MathOverflow is a question and answer site for professional mathematicians. It's 100% free, no registration required.

Sign up
Here's how it works:
  1. Anybody can ask a question
  2. Anybody can answer
  3. The best answers are voted up and rise to the top

Consider the following counting problem (or the associated decision problem): Given two positive integers encoded in binary, compute their greatest common divisor (gcd). What is the smallest complexity class this problem is contained in? Can you provide a reference?

In this question I am not primarily interested in asymptotic bounds on the running time, but rather in complexity classes. Is the problem in $AC$? In $AC^1$? Can it be proven not to lie in $AC^0$? What are other complexity classes inside $P$ that are of relevance here?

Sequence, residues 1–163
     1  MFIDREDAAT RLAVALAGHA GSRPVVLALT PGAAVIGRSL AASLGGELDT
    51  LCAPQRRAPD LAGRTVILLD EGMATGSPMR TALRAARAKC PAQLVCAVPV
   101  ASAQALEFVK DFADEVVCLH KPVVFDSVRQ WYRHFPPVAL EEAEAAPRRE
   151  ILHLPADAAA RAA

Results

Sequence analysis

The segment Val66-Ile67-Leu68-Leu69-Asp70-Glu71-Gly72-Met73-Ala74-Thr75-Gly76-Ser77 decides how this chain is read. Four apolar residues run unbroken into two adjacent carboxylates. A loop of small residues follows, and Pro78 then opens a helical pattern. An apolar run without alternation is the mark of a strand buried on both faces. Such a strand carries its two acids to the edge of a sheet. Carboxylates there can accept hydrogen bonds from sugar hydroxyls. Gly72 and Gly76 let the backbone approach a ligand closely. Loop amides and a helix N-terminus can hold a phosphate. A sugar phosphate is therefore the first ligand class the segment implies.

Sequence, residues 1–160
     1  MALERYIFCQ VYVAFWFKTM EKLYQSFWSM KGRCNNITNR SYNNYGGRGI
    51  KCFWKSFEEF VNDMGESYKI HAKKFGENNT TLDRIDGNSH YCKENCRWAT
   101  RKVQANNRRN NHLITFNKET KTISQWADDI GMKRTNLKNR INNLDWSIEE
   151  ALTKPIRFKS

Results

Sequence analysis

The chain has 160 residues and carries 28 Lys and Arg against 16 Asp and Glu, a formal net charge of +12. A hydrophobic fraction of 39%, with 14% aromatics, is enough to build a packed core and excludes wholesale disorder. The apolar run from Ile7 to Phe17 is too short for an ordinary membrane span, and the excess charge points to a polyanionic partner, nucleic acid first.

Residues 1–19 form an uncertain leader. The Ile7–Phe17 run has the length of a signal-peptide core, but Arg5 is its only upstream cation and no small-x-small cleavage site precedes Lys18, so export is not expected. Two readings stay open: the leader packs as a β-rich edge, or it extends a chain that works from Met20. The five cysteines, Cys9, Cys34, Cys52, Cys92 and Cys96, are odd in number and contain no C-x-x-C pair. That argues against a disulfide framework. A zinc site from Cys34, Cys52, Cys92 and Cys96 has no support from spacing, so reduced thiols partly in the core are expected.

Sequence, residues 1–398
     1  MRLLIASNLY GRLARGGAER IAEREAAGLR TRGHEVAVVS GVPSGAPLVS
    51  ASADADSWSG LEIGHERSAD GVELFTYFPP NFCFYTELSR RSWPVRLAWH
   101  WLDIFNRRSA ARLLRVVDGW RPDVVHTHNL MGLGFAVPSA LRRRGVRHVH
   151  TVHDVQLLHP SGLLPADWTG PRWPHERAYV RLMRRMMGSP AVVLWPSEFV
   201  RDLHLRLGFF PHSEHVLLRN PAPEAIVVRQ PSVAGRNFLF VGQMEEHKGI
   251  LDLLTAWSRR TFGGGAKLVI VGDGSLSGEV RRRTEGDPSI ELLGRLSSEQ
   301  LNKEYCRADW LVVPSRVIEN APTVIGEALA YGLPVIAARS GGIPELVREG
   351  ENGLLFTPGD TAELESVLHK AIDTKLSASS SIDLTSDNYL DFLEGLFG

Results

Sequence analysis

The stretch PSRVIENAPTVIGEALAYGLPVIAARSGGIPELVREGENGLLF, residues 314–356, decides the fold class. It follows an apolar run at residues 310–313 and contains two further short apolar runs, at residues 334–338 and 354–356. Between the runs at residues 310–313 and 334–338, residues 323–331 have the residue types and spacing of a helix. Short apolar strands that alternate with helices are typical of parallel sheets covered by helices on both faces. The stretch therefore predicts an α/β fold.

share|cite|improve this question
I don't know about the complexity classes, but I think this is the state of the art for gcd computation:…. – Hans Lundmark Nov 3 '10 at 19:42
(a) There is a related MO post (which does not answer your question):… ; (b) This question would be seen by more complexity experts at . – Joseph O'Rourke Nov 3 '10 at 21:03
up vote 2 down vote accepted

I cross-posted this question on stackexchange and John Watrous posted an answer. The gist was that it is not known whether gcd is in NC or P-complete. See, e.g., "J. Sorenson. Two fast GCD algorithms. Journal of Algorithms, 1994."

share|cite|improve this answer
@ged: Do you know why, informally, should one conjecture that gcd is specifically in NC? – Łukasz Grabowski Nov 5 '10 at 17:26
@Lukasz: I guess the main reason is that NC is one of the most well-known subsets of P. Another reason may be the ongoing quest for parallel gcd algorithms. However, if you know a different subset of P that you think is a more likely candidate, please let me know! – ged Nov 9 '10 at 10:39

Your Answer


By posting your answer, you agree to the privacy policy and terms of service.

Not the answer you're looking for? Browse other questions tagged or ask your own question.